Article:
The new budget holds out the hope of major reforms -- but first thousands who are aged or disabled must absorb another round of cuts.
Rob Gendreau has no grasp of the fine points that Gov. Mark Dayton negotiated with state lawmakers last month as they struck a long-awaited deal to balance Minnesota's budget and end the 20-day state government showdown.
But the deal will change his life.
Gendreau, now 39, was driving home from work in 1999 when his convertible was T-boned by a truck. His ribs and facial bones were smashed, his brain traumatically injured. Doctors suggested that his parents remove him from life support.
Changes in the state's $11 billion budget for health and human services mean that his current transportation provider, like the previous one, could go out of business with yet another rate cut. His services at Courage Center in Golden Valley will be re-evaluated as the nonprofit seeks to stem a $2.5 million loss on state programs. The sole income for his mother, Linda Gendreau -- the $11 an hour she earns as his personal care attendant -- will be cut by 20 percent.
Across Minnesota, thousands of people are still poring over the budget deal, trying to figure out how thousands of services and clients will be affected by the complex changes in payments and policies.
What they know is that the budget cuts $1 billion from projected spending on health and human services for the next two years, primarily through cuts to service providers. The range of cuts is broad, affecting mental health, hospital and doctor care, health insurance, dental care, transportation, ambulance services, personal care and other help for more than 1 million Minnesotans.
Taken together, they are yet another measure of the difficult choices Minnesota faces in an era of seemingly chronic state deficits.
State officials, mindful of the deal's complexity and rapid conclusion, have told counties to delay payment cuts until Sept. 1.
"We need a little more time to analyze the new budget and write instructions," Assistant Human Services Commissioner Loren Coleman said in a recent interview.
Some note, however, that the cuts generally are smaller than those in the Republican-drafted bill that Dayton vetoed weeks earlier.
"Things could be worse," said Jan Malcolm, a former state health commissioner and now CEO of Courage Center, which offers a broad range of care to about 11,000 people with disabilities. "We will continue to dip into our reserves this time. But if the next budget in two years is no better, we'll have to rethink our mission."
A source of hope is a portion of the law that requires the state to seek federal permission, called "waivers," to change the way services are financed in an attempt to improve care and slow cost increases.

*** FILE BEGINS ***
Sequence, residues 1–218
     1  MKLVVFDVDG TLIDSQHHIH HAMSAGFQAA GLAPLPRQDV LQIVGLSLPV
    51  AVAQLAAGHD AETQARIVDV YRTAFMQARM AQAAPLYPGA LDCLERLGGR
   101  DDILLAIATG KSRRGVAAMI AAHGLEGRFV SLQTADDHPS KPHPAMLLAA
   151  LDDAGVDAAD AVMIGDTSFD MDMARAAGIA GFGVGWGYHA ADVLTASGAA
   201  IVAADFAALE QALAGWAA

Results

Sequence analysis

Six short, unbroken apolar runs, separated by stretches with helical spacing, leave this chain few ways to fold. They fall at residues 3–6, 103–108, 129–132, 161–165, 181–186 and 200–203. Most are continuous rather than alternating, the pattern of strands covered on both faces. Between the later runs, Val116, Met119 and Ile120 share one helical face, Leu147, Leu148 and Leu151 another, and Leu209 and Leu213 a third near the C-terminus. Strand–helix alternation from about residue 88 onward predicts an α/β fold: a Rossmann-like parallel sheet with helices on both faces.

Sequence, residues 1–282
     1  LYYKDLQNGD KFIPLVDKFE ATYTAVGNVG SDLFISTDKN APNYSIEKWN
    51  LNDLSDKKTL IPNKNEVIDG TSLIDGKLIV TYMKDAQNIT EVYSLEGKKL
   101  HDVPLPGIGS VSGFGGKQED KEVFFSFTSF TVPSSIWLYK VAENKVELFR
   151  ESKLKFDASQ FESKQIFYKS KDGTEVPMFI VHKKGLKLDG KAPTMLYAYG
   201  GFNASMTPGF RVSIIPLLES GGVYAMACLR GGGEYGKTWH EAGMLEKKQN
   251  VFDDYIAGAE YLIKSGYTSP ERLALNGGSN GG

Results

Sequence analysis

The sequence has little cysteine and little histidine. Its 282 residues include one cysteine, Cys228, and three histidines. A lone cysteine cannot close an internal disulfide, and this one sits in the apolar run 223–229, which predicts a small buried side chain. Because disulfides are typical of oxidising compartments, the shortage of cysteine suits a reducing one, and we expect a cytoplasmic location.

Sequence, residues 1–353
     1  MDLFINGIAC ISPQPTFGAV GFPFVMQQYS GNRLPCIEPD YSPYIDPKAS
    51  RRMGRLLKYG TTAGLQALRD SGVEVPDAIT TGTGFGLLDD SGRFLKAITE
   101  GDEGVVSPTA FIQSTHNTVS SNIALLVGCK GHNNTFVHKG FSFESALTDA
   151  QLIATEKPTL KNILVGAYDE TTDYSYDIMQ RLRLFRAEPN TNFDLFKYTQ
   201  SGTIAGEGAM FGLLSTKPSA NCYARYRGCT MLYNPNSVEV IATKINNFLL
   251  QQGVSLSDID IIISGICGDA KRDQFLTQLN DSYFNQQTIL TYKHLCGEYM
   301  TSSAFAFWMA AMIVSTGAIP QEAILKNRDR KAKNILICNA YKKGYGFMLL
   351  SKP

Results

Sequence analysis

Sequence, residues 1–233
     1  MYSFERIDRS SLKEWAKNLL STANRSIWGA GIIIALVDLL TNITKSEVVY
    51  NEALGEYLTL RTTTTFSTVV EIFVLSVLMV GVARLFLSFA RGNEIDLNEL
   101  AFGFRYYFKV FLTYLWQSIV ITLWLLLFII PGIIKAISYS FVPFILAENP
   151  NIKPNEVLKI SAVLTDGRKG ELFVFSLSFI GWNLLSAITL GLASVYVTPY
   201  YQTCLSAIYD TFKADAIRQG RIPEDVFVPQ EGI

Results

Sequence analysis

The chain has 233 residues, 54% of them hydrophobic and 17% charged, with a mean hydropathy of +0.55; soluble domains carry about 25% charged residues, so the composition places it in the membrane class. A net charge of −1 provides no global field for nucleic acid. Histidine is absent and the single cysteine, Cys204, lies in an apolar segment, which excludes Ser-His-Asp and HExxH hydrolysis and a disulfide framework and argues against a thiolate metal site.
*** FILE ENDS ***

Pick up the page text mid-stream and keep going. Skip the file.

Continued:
"As a state, we've talked about this forever, and we've nudged it a couple times, but the government still basically pays providers for giving services, not necessarily for achieving anything," said John Tschida, Courage Center's vice president of public affairs and research.
"It would be nice for the Legislature to get control of the budget by paying us to do good work," he said, "not just making many small cuts that add up to a whole lot of pain for us and the clients we serve."
Saving the state money
At home, Rob Gendreau mixed up a batch of chocolate chip cookies with his mom's coaching. "He's my miracle boy," said Linda Gendreau, whose husband, Bob, died of heart disease 16 months ago. "They didn't expect Rob to come out of his coma. Then they didn't think he'd walk again, or talk, but he can."
Rob receives help from three primary providers under a state-federal Medicaid program called the TBI Waiver. It pays for a range of medical and personal care services for people with traumatic brain injuries and costs an average of about $61,000 per person per year. A report by legislative researchers says the program cost about $100 million last year, but saved $68 million by avoiding more expensive hospital and nursing home care.
One service is behavioral counseling from Courage Center, which sends a specialist to the house twice a month to help Rob and his mom cope with his anger, which can flare up if he feels threatened or criticized.
Another is a day program in Richfield, Opportunity Partners, to help people with brain injuries learn social, physical and home skills. Rob had attended four days a week, but that dropped to three in 2009 when his benefit was cut to help balance the budget.
Rob's primary support comes from his mother, who asked that their city not be named because her son's disability makes him vulnerable to abuse. She has been his aide since 2000.
Rob was named after his maternal grandfather, who died in 1953 of a brain injury at age 20, after a car accident.
'We live paycheck to paycheck'
Like about 7,000 other Minnesotans helping relatives with disabilities, Linda Gendreau, 59, is paid to provide a range of personal care for her son.
A special education paraprofessional in a school for 17 years, Gendreau quit to care for Rob after his accident. Most of her life now is taken up providing him with physical therapy, speech therapy, and helping him exercise his physical and mental skills. Starting Oct. 1, her pay will drop from $11 an hour to $8.80 "and I'll have to find some way to make a little more," she said. "We live paycheck to paycheck."
Rob receives $1,005 a month from a federal Social Security disability benefit, but $499 of that goes to a "spend down" so he qualifies for Medicaid to cover his medical bills.
"We'll make it work. God's been helping us every step of the way," Gendreau said.
"OK, here's my long-term goal," she said: "I stay healthy until I'm at least 85. Rob is 65 then, and we'll go into the nursing home together, so I can still take care of him."
Warren Wolfe • 612-673-7253
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